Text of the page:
The whiting fish, or Merlangius merlangus, has a silvery flesh and a distinctive black spot on its pectoral fin. It has a chin barbel, which a fleshy filament growing from the mouth or snout, that is very small if present. The whiting also has two anal fins and three dorsal fins.
The whiting, with its pointed nose and protruding upper jaw, typically grows up to 28 inches. Its three dorsal fins are separated along its back, while the last dorsal fin almost extending to the tail fin. The tail fin is square in appearance, created by two anal fins that are nearly touching to create an elongated rear fin. The pectoral fin with its distinctive black spot is also elongated at the base of the body and projects from the anal fin.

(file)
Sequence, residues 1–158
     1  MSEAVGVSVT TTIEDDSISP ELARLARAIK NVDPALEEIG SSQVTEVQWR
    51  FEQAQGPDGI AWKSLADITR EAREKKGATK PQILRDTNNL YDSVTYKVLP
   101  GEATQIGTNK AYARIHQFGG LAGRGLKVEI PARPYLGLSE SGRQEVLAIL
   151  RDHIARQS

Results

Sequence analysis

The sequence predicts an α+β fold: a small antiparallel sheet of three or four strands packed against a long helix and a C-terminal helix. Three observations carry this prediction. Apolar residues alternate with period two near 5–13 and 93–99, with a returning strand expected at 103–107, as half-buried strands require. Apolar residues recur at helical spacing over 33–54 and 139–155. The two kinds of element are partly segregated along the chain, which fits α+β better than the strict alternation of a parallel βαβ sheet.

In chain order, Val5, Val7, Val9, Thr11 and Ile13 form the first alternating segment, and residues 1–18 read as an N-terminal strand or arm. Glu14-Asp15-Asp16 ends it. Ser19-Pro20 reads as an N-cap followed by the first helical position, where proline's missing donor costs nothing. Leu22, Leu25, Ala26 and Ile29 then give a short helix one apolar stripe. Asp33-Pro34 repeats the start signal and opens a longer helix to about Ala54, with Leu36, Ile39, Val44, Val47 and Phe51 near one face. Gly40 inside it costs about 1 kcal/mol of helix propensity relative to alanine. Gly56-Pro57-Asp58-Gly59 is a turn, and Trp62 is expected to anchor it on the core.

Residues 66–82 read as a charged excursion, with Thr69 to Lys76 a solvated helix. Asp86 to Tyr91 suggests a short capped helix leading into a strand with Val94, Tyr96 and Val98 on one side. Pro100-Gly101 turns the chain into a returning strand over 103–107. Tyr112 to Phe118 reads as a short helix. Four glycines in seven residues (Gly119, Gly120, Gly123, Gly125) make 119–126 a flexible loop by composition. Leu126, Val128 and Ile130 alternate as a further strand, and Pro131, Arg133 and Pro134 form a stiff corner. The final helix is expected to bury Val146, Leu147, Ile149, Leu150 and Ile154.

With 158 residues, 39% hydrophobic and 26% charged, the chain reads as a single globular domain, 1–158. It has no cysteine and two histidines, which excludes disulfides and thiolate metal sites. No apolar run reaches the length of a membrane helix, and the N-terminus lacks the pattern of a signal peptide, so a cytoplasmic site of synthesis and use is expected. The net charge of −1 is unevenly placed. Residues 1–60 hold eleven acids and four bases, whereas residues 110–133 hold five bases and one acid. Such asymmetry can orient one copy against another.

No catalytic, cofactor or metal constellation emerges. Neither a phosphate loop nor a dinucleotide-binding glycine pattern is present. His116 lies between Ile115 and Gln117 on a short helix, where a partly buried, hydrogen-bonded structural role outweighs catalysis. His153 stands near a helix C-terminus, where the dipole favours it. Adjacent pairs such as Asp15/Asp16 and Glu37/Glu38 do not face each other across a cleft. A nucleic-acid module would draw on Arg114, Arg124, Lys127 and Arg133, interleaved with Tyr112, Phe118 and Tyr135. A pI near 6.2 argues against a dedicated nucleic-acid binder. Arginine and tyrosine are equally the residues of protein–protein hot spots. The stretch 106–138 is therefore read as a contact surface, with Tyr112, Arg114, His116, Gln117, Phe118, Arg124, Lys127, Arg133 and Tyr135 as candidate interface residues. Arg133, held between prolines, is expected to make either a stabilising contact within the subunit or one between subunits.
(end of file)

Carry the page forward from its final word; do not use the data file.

The whiting is related to the cod, coley, pollack and the haddock families, all of which are similar in appearance. This species is commonly found in various saltwater locations around the world, including the eastern Atlantic Ocean, the Mediterranean Sea, and the North Sea on the east coast of Britain. Although a number of species are commonly referred to as the whiting, the Merlangius merlangus is where the term originated.